Modern Languages & Literatures
Theatre, Speech & Dance
Centre d'étude français sur la Chine contemporaine
This article challenges three common assumptions about Chinese socialist-era dance culture: first, that Mao-era dance rarely circulated internationally and was disconnected from international dance trends; second, that the yangge movement lost momentum in the early years of the People’s Republic of China (PRC); and, third, that the political significance of socialist dance lies in content rather than form. This essay looks at the transformation of wartime yangge into PRC folk dance during the 1950s and 1960s and traces the international circulation of these new dance styles in two contexts: the World Festivals of Youth and Students in Eastern Europe, and the schools, unions, and clan associations of overseas Chinese communities in Hong Kong, Singapore, Malaysia, and San Francisco. By tracing the emergence and circulation of yangge and PRC folk dance, I propose the existence of “Cold War yangge” – a transnational phenomenon in which Chinese folk dance became a site of leftist political activism.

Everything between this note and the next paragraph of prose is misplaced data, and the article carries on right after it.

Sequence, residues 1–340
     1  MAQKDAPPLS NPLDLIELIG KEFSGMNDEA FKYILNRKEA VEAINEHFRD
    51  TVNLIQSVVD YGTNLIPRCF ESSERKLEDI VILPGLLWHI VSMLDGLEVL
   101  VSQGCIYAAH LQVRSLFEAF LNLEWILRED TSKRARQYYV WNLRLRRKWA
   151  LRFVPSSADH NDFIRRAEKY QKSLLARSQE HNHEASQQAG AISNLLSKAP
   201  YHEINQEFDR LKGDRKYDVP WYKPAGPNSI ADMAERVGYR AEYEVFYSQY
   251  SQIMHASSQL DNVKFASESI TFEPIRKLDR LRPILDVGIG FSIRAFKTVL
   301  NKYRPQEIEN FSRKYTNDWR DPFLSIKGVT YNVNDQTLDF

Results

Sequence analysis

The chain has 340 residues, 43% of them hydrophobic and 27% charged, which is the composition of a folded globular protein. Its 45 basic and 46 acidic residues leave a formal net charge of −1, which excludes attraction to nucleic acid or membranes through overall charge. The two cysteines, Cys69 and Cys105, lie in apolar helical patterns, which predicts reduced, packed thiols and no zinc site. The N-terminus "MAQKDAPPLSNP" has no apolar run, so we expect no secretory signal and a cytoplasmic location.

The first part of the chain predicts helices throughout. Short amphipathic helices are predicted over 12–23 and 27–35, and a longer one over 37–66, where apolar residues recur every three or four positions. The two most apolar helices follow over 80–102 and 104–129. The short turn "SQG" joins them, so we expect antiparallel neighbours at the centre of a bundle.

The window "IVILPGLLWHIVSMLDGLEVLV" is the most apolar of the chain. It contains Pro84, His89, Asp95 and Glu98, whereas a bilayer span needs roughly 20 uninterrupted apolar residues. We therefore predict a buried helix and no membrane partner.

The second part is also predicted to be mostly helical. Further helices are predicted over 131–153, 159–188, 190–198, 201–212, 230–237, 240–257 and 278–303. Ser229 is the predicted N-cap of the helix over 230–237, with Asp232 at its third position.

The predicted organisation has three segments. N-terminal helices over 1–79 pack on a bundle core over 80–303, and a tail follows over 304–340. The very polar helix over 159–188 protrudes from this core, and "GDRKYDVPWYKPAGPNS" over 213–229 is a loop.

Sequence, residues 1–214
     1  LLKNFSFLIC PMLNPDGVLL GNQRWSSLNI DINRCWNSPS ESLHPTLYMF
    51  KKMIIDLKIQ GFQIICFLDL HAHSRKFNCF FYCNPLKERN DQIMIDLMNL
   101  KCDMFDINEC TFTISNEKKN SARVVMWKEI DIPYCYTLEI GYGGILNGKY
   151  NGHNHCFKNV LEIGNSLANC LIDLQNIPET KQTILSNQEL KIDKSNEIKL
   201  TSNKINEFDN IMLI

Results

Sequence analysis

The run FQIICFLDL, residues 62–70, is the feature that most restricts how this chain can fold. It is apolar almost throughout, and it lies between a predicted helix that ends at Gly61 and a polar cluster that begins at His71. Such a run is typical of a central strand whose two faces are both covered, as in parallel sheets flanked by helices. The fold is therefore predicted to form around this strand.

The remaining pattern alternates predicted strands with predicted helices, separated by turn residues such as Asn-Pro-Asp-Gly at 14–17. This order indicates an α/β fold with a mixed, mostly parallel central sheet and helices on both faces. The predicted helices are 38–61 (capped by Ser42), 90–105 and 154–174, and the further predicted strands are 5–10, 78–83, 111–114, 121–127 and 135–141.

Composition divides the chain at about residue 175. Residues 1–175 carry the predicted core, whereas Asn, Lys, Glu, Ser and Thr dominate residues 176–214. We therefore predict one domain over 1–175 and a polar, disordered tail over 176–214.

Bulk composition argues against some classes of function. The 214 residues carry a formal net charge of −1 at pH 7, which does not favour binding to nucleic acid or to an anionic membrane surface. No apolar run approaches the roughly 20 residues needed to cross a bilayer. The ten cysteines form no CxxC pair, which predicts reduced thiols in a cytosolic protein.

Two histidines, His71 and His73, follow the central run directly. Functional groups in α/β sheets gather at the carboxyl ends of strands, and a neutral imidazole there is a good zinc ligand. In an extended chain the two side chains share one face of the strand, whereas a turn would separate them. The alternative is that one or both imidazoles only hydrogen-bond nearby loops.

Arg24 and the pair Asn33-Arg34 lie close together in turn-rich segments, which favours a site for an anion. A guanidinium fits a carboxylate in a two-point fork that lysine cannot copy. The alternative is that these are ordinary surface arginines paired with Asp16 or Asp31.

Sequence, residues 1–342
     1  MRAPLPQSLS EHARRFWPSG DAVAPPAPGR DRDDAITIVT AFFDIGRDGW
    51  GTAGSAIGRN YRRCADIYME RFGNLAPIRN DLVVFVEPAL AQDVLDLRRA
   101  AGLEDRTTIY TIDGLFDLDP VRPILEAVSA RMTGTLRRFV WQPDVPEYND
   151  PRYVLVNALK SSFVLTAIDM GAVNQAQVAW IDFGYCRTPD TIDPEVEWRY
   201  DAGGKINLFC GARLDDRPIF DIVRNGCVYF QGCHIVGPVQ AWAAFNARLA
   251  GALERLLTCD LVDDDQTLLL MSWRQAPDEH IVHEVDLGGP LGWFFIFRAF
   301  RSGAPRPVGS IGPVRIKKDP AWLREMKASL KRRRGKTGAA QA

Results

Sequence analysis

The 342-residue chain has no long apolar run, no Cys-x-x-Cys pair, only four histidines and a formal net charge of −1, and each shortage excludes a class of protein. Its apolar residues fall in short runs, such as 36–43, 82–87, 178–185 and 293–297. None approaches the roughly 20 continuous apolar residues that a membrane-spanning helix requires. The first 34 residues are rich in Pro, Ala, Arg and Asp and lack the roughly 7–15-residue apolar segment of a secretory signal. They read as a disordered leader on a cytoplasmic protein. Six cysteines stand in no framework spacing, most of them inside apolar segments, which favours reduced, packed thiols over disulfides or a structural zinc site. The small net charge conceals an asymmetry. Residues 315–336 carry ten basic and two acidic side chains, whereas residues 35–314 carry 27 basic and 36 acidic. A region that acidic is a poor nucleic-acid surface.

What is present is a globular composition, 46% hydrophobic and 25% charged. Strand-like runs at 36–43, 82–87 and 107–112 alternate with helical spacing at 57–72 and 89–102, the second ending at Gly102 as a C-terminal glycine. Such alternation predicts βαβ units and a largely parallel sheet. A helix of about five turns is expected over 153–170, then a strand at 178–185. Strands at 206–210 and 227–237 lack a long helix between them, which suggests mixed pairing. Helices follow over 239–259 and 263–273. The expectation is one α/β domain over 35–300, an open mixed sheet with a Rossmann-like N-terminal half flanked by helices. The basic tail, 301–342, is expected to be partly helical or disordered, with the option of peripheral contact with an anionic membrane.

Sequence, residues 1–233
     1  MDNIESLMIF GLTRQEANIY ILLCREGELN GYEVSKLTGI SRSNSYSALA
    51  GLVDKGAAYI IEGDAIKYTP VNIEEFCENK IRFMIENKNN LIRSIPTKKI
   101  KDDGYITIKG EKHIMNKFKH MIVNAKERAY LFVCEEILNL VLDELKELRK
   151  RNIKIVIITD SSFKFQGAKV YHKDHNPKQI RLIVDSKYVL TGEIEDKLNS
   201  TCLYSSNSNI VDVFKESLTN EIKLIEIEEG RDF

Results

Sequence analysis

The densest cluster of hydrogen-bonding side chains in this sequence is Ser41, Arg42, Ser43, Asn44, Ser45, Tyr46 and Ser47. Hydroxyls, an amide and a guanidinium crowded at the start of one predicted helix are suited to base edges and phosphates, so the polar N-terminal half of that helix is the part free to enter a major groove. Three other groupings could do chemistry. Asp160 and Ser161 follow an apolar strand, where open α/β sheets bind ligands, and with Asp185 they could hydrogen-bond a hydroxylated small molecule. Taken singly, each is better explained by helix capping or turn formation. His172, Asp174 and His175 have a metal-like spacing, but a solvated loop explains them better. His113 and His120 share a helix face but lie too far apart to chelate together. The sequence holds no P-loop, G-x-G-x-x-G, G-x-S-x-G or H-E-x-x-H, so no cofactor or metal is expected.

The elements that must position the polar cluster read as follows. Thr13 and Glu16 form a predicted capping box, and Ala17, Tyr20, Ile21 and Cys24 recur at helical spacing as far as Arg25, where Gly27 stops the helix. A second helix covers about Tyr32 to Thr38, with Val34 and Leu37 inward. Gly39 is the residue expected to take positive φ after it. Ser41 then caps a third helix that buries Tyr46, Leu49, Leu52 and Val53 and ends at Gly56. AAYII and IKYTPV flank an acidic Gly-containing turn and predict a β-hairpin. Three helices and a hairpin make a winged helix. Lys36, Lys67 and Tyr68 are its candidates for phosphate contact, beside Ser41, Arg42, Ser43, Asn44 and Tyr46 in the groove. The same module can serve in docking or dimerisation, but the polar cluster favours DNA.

Wilcox, Emily E., When Folk Dance Was Radical: Cold War Yangge, World Youth Festivals, and Overseas Chinese Leftist Culture in the 1950s and 1960s (2020). China Perspectives, 120(1), 33-42.